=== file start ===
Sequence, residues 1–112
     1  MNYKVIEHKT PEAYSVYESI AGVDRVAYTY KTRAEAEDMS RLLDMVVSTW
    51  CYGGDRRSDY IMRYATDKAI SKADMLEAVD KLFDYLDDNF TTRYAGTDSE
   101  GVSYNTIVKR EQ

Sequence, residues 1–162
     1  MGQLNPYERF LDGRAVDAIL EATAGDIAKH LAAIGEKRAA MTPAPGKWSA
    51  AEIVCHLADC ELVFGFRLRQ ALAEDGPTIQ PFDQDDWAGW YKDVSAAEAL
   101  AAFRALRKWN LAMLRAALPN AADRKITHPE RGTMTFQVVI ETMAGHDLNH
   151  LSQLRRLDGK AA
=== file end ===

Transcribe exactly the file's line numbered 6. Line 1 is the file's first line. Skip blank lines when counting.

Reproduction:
     1  MGQLNPYERF LDGRAVDAIL EATAGDIAKH LAAIGEKRAA MTPAPGKWSA